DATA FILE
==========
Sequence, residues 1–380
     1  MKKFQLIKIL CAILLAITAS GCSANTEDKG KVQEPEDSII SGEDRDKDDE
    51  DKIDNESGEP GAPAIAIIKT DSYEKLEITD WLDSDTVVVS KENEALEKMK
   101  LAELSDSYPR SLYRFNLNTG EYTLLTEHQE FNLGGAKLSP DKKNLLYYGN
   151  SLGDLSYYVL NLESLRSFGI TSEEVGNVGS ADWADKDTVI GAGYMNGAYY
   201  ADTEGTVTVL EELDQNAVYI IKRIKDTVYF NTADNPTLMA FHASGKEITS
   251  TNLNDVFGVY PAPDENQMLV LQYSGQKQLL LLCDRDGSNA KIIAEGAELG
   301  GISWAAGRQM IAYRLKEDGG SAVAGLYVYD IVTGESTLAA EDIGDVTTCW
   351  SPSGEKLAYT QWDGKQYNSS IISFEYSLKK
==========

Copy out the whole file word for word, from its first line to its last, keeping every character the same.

Sequence, residues 1–380
     1  MKKFQLIKIL CAILLAITAS GCSANTEDKG KVQEPEDSII SGEDRDKDDE
    51  DKIDNESGEP GAPAIAIIKT DSYEKLEITD WLDSDTVVVS KENEALEKMK
   101  LAELSDSYPR SLYRFNLNTG EYTLLTEHQE FNLGGAKLSP DKKNLLYYGN
   151  SLGDLSYYVL NLESLRSFGI TSEEVGNVGS ADWADKDTVI GAGYMNGAYY
   201  ADTEGTVTVL EELDQNAVYI IKRIKDTVYF NTADNPTLMA FHASGKEITS
   251  TNLNDVFGVY PAPDENQMLV LQYSGQKQLL LLCDRDGSNA KIIAEGAELG
   301  GISWAAGRQM IAYRLKEDGG SAVAGLYVYD IVTGESTLAA EDIGDVTTCW
   351  SPSGEKLAYT QWDGKQYNSS IISFEYSLKK